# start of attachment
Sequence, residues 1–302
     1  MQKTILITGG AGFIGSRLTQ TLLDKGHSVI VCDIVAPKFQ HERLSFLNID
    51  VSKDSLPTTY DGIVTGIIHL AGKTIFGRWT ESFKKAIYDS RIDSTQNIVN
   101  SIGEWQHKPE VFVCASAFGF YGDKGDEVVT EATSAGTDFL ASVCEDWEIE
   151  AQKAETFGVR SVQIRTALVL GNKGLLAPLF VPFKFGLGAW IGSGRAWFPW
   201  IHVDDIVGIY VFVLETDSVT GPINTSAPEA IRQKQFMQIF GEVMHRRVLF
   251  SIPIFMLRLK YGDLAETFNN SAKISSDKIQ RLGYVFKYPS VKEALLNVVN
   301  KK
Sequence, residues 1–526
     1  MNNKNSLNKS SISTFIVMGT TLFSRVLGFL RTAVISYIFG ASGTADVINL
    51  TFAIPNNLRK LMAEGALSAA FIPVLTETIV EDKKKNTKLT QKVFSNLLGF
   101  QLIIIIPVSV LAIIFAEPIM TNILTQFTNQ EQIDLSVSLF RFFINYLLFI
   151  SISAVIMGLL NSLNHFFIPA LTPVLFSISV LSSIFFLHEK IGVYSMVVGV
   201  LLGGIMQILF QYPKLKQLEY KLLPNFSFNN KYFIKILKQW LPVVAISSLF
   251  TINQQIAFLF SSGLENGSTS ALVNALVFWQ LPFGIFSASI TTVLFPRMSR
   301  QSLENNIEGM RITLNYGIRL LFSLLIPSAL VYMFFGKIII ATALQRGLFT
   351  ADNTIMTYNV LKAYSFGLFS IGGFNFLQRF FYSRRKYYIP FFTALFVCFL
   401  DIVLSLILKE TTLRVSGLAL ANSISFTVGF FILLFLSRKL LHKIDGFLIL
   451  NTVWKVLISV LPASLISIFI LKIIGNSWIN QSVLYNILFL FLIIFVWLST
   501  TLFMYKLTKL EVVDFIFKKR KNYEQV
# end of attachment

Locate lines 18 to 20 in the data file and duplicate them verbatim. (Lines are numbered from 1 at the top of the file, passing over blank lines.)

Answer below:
   401  DIVLSLILKE TTLRVSGLAL ANSISFTVGF FILLFLSRKL LHKIDGFLIL
   451  NTVWKVLISV LPASLISIFI LKIIGNSWIN QSVLYNILFL FLIIFVWLST
   501  TLFMYKLTKL EVVDFIFKKR KNYEQV